Menstrual Art: Yesterday and Today
Menstrual Blood's symbolism has been explored since the beginning of times through rituals, arts, and other performances. The essence of the event 'Menstrual Art: Yesterday and Today' was to bring forth various expressions of Menstrala through subjective inspirations for personal and political statements. Here, the 'Yesterday' represents the work of feminist artists who have paved the way for Today's expression of using menstrual blood as a medium, allowing artists to reach avenues across social media.
The event started with a presentation that consisted of various artists who have used menstrual blood as a medium. The artwork spans a period of 1971-2017. In this blog, we present the art in chronological order.
Judy Chicago's Menstruation Bathroom (1971) - In woman house Chicago created in an otherwise sterile bathroom scene, the trash can overflowing with bloody menstruation pads and a few bloody tampons, bloodstains on the tile floor, blood-drenched pads neatly hanging from a clothesline, a heating pad hanging near the toilet, and the shelves covered with sanitary products for mensuration. Considering how little we discuss periods today, in 1971, this was a subject that was not addressed in public whatsoever. The shock value and statement made by this work was immense.
Red Flag - Judy Chicago (1971) - Red Flag may be the first work of art - and it was, and is, controversial - to show this commonplace event in many women's lives: removing a tampon. The artist commented that many people did not know what the red object was, and some thought it was a bloody penis!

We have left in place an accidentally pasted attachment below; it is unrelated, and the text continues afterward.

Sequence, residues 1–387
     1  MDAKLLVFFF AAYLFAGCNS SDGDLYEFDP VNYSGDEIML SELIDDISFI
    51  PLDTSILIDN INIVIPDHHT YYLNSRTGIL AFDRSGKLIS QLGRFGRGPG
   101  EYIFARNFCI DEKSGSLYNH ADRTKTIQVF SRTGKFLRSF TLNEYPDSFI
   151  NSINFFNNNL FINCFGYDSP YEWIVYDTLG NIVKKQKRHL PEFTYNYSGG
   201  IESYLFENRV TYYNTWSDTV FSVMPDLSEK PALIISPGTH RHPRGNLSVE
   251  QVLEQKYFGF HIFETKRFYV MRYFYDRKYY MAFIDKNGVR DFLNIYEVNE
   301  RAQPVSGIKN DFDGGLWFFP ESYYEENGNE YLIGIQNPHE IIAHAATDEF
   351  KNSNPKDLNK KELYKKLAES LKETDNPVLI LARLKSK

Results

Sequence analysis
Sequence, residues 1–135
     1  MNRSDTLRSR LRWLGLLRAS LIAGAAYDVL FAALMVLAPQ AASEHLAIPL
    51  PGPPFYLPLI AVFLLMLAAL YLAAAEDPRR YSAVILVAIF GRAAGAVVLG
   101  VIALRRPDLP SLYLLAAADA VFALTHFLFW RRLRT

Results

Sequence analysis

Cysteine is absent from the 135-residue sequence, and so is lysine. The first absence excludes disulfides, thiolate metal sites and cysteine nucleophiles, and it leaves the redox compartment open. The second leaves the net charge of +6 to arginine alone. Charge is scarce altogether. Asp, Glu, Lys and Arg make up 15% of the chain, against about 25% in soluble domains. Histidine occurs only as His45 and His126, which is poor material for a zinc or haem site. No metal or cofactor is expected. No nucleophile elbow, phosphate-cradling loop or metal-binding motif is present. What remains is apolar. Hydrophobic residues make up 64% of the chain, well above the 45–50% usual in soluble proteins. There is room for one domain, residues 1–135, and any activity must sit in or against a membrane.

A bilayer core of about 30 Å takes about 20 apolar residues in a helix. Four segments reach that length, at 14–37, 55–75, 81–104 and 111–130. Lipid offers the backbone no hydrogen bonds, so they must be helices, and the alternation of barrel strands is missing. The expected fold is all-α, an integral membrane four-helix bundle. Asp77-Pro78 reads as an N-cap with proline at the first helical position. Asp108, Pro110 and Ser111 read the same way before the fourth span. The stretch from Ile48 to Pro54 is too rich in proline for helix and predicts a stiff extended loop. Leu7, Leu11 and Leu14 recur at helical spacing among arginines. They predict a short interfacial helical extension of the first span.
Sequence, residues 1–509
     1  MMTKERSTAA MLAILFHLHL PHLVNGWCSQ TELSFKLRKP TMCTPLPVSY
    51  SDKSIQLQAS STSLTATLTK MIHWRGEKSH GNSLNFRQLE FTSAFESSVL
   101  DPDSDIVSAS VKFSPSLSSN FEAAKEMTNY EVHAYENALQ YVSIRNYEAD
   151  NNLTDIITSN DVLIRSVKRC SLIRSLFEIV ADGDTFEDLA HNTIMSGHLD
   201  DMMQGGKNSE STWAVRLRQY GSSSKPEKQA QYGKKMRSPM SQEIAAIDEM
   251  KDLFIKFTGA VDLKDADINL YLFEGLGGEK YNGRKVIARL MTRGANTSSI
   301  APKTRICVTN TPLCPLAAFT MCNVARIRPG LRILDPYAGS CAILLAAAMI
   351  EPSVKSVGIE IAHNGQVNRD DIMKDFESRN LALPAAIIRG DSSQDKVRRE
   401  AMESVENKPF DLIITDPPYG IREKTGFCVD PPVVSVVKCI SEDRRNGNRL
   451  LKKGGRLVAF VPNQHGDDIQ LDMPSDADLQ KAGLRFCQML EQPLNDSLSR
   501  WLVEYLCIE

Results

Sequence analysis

Carolee Schneeman's Blood Work Diary (1971) - The artist, Carolee Schneeman, describes the piece Blood Work Diary as a 'record of my interiority.' The work's power lies in the element of surprise, a realization that enforces the potency of the complicated taboos that surround menstruation in society. Each blot marks a day, a cyclical depiction of time, rather than a progressive linear one with Blood on Tissue with Egg Yolk.
Mako Idemitsu's What a woman made (1973) - The video juxtaposes the image of a bloody tampon with a male voice reading from the misogynistic 'How to Raise Girl Children.' In using this device, the artist, Mako, recognizes how negativity is culturally tied to women's nature. The video is 10 minutes 50 seconds long and was showcased as a screening.